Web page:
The following checklist takes you through all the steps before closing the deal. Further below, you’ll find a post merger integration checklist for shaping up the combined company once the deal is done.

Define your strategic focus

  • Clearly determine the acquisition goals and the vision for the new company. Make sure you bring executives from both the target company and the acquiring company into the fold
  • Establish a central leadership team for the merger integration

Plan your team integration

  • Develop a blueprint to guide your team through the integration
  • Review the different sectors (accounting, financial, sales, operations, etc.) to determine which areas need to be removed, which ones are kept independent, and which ones need to be reorganized and merged
  • Identify potential challenges to the integration, including those of human nature. Promote communication between all parties with a view to reduce misunderstanding and conflict
  • Evaluate and isolate potential regulatory challenges to the integration ahead of time
  • Delineate tasks to be completed and prioritize according to importance and urgency
  • Determine whether you need to hire a consulting company
  • Appoint an integration leader and establish the extent of their authority

Create your merger integration plan

  • Establish goals, both long- and short-term, and prioritize tasks to be completed
  • Define a timeline for the integration process
  • Establish well-defined metrics for success to help keep oversight on the integration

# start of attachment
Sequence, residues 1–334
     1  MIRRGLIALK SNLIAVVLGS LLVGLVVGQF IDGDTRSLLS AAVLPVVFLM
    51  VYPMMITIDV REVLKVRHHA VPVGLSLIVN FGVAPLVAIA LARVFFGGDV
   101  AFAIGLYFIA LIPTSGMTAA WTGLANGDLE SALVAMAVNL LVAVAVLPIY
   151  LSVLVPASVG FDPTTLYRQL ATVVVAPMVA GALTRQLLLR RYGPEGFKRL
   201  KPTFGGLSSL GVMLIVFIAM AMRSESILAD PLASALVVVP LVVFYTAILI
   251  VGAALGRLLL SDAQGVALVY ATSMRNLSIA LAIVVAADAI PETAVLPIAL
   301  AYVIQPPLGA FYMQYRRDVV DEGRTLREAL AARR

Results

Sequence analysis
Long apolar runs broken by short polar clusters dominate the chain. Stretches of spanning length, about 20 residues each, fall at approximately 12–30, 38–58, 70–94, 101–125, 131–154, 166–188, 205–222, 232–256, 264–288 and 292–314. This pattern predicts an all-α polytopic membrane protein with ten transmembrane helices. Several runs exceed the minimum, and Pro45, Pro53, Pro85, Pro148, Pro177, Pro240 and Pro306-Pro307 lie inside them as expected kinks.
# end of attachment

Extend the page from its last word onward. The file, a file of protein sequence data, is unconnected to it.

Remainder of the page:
Have a clear communication plan

  • Have a plan for both internal and external communication so that both employees and customers/stakeholders are kept in the loop throughout the process
  • Have an appointed representative for communication — a spokesperson for the process if you will. The spokesperson can be the integration or change management leader or someone else assigned to this specific role
  • Determine a centralized channel for communication, to keep things in one place, and minimize the time and effort spent with back-and-forth. You can use your deal room or data room platform as the centralized channel for communication

Post merger integration: A key part of your M&A integration

A post merger integration can be defined as combining all the baggage from two companies and making it work together. It is what happens after the deal is closed.

People often assume that the bulk of a deal comes before closure, and it’s all downhill once the merger happens. However, this is precisely where many deals fail.

The post merger integration is where key aspects of the deal happen like the fusion of corporate cultures and synergy generation. As such, it cannot be disregarded, at risk of causing the deal to fail and losing value to both sides.

Responsible parties and key aspects of post-merger integrations

Who helps take care of the post-merger integration — and bears the responsibility for its success or failure?

Top executives and stakeholders

The company’s CEO and board of directors are essential players in the post-merger integration, together with key stakeholders such as banking or law firms, consultants, and other actors in the process.